C.S. Lewis does not come to lovely conclusions about his God or his religion or his suffering. He asks many more questions than he answers. He rants, questions, weeps and feels terrible, deservedly sorry for himself and for the woman he loved so much and has now lost. And in doing so, he renders in prose what it really feels like to grieve.
Jessica MesmanApril 24, 2019

March 26, 2019

‘Hillary and Clinton’ and ‘Lear’: Upstaging male leaders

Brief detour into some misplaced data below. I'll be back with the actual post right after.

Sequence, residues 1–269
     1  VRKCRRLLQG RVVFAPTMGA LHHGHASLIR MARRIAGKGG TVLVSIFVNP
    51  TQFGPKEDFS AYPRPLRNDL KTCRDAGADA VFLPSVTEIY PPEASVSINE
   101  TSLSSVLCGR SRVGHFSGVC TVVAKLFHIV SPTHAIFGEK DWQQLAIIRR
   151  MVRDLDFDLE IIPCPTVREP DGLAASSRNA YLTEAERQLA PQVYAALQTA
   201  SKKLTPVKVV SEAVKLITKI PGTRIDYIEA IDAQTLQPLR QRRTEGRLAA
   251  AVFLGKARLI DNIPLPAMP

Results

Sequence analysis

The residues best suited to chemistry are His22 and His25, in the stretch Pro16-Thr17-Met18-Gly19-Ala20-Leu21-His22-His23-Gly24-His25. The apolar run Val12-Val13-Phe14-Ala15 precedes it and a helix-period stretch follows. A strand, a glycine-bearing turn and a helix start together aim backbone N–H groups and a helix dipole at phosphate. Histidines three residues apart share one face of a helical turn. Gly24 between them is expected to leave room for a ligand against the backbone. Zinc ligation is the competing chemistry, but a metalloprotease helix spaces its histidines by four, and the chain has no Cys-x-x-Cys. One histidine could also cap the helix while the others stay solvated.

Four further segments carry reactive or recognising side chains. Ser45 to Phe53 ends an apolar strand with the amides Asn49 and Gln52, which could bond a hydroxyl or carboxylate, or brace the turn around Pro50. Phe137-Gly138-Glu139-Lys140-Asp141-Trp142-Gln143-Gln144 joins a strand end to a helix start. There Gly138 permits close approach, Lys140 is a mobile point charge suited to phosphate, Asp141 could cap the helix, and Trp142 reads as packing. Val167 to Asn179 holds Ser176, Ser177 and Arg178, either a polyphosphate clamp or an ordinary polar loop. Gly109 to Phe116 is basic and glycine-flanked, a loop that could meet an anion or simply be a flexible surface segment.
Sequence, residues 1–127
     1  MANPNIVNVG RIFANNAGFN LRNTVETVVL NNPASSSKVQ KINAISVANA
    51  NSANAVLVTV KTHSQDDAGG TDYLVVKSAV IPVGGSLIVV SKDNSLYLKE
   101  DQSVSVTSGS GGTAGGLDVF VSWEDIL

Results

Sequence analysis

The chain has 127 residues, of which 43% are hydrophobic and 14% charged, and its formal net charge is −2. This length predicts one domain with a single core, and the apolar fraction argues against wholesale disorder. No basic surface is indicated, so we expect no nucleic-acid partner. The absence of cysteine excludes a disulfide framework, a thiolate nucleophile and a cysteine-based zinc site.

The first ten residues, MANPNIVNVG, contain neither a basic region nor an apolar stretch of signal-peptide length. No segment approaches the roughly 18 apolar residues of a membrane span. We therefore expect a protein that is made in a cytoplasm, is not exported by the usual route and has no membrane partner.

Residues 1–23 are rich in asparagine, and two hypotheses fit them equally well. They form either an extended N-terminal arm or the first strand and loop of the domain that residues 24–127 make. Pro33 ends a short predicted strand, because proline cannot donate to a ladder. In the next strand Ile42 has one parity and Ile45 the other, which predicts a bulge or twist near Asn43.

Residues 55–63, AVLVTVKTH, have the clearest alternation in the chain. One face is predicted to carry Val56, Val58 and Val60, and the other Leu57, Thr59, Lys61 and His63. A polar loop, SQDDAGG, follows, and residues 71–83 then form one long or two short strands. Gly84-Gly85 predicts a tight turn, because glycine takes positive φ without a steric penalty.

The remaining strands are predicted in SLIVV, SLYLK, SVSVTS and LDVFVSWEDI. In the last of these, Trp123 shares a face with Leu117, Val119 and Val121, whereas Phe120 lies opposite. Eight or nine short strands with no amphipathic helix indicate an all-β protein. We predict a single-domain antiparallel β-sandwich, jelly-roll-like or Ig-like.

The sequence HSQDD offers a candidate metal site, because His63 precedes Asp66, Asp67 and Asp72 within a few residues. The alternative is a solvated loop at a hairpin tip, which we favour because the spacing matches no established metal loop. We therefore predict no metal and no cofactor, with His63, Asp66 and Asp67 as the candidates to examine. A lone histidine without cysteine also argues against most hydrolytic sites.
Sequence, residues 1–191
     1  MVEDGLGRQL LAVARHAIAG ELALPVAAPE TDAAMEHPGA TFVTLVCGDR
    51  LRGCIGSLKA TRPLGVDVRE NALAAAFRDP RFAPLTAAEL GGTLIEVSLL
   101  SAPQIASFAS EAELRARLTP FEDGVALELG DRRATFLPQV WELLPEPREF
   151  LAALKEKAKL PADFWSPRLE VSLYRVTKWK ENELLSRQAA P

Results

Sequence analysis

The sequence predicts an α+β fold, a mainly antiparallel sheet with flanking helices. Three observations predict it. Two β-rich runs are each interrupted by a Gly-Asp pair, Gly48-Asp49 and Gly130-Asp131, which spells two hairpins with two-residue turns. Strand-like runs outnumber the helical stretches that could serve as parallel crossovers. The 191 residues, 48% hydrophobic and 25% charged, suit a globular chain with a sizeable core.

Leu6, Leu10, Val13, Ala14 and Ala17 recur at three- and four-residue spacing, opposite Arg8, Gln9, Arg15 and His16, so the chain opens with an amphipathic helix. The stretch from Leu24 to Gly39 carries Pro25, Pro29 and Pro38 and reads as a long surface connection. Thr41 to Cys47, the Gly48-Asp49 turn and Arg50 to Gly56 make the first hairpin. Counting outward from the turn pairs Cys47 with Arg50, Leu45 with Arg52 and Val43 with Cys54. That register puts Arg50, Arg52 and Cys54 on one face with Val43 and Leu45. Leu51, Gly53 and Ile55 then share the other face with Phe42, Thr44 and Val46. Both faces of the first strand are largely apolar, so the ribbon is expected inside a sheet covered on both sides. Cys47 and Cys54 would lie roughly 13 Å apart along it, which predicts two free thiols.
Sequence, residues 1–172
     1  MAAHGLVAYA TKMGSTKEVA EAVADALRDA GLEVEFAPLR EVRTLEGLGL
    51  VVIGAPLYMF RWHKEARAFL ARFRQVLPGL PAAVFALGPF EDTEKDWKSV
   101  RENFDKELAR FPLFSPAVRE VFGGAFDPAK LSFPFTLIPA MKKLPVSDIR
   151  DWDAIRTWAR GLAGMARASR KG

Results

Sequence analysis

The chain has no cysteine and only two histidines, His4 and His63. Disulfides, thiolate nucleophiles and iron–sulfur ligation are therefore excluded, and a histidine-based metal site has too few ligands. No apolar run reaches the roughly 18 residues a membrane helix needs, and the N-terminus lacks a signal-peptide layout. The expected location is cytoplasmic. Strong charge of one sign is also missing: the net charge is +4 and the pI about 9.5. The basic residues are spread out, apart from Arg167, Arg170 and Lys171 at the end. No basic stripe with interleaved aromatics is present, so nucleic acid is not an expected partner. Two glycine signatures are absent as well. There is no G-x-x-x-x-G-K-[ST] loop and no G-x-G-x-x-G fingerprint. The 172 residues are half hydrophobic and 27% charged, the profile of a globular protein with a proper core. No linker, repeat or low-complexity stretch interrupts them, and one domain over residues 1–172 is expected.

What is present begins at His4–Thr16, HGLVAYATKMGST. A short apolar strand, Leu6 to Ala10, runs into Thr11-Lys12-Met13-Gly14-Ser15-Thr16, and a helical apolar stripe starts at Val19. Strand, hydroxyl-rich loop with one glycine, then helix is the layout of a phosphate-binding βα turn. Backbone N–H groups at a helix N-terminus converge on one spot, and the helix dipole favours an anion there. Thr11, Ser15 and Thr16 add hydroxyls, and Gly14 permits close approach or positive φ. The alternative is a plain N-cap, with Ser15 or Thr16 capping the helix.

In Hnath’s play, Hillary has put all her bets on competence, while Bill unsurprisingly presses her to show more humanity.

The Catholic art of Frida Kahlo

Kahlo’s paintings, the vast majority of which are self-portraits, are rife with self-revelation,

Review: There is more than one way to convert to Catholicism

Many will find Sohrab Ahmari’s account of coming to faith compelling and moving, while others may find his emphasis on an authoritative church confusing or even off-putting.